I WENT TO MK, AND HE DIDN'T JUST PRESS PLAY
If you were active on Facebook at all last week, the likelihood is that you’ll have seen a lot of posts saying things along the lines of “Anyone selling a […]
If you were active on Facebook at all last week, the likelihood is that you’ll have seen a lot of posts saying things along the lines of “Anyone selling a ticket for MK?”. That’s right, arguably one of the most well-known faces of house music was gracing the city of Southampton once again.
Last time he came, it was a sell-out; this time he came, it was a sell-out. But often when things like this get hyped up so much that they can end up not living up to expectations and unfortunately, in my eyes, it did not.
The first act in the line-up was Kidnap Kid. Kidnap Kid is awesome. The guy dresses like an absolute champion, produces top class music and is absolutely cracking live. Did he disappoint? No he did not.
Banger after banger after banger and the crowd absolutely loved him. The crowd, by the way, was not like those at Seth Troxler or Viva Warriors, so obviously many of them may not have known of Kidnap Kid. But speaking to a few people afterwards they seemed convinced that they’d just discovered a hidden gem, many even saying he was the highlight of the night.
He was not mine, however. Step in, Toyboy and Robin. I didn’t even know they were playing, had never seen them live before, but wow, they were good. Their set was so energetic and lively, combined with a banging sound system. It was an absolute winner. There really isn’t much more I can say about them, they were just excellent. If anyone from DBP reads this, please book both them and Kidnap Kid again soon pls?
Then it got to MK. Now, I’ve seen MK before and, I have to say, I do not enjoy his sets. The tempo is not lively enough and the tunes are all too familiar, and I feel that his relative level of celebrity status in the genre means he has to play a certain type of music to please a certain crowd of people. I love standing near the speakers at Switch, because that’s where the sound is the best, but as soon as MK appeared people rushed forward trying to get him to take photos and, call me a snob, but I found it really irritating.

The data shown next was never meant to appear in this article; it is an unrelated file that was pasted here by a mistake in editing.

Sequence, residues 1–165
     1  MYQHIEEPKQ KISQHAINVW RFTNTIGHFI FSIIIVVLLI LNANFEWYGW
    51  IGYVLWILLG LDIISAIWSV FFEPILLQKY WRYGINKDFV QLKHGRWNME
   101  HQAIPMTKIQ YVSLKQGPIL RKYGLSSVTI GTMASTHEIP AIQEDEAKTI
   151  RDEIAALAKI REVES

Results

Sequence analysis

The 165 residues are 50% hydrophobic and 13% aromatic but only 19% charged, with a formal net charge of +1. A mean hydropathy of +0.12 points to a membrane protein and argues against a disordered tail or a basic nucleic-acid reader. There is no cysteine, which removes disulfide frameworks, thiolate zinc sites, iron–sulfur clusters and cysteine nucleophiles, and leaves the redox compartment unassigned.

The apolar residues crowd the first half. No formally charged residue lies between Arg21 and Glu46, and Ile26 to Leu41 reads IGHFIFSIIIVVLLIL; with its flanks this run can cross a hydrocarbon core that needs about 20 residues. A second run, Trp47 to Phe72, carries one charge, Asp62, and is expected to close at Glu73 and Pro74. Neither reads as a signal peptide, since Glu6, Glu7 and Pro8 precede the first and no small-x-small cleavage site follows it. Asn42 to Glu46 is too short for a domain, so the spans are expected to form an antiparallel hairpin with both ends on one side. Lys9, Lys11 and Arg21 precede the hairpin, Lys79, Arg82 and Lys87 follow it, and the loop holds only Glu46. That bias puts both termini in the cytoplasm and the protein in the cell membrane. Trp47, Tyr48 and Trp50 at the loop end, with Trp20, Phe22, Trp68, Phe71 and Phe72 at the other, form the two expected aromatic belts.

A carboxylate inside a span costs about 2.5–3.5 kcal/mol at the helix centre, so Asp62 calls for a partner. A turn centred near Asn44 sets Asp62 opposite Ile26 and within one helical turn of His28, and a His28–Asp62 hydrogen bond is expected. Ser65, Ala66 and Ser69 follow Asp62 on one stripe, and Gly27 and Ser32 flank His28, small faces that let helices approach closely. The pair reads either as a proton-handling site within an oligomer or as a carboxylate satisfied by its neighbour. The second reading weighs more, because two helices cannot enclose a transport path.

As a producer and as a bloke, the guy is fantastic- he’s such a friendly guy. His music production is also of a high pedigree, and he has been around since the early 90s, I think even maybe the late 80s, so pretty much since the birth of the genre.
Like it or not, he is the face of house music in the mainstream. But coming from a purely house point of view, I was disappointed that he opened with My Head is a Jungle and some of the other tracks he played, the likes of which I could hear in Oceana on a Wednesday.
BUT, I know that hundreds of others loved it, and that is what it comes down to. I think 75% of the night was a house night, and a bloody good one at that, and 25% of the night was meant for the experience of seeing someone like MK play, not necessarily for an intricate and innovative set.
What I refuse to believe though, is that at this event OR the Freshers ball did he just turn up and press play. That is nonsense. No respected DJ in the world would do that, and I think that is more down to people not understanding how a live DJ set works than him actually doing such a thing. But, overall, not my cup of tea.
Highlights of the night: Being pleasantly surprised by Toy Boy and Robin, seeing Kidnap Kid smash it again, and for the second time in two Warehouse Presents, finding a five pound note on the floor. Also, it wasn’t actually that hot- I think they may have sorted the temperature thing.
Moans of the night: Sorry M to the Kizzle but you just didn’t do it for me mate. My Head is a Jungle is a tune, I just hear it pretty much every other night out. <3
Rating: A Solid 3.5/5
This Saturday I’m going to be going to Groove Armada and Tough Love, pretending like this is a really hard serious job and that I don’t love going to all these events…
Were you at the event? What did you think? Let us know in the comments below!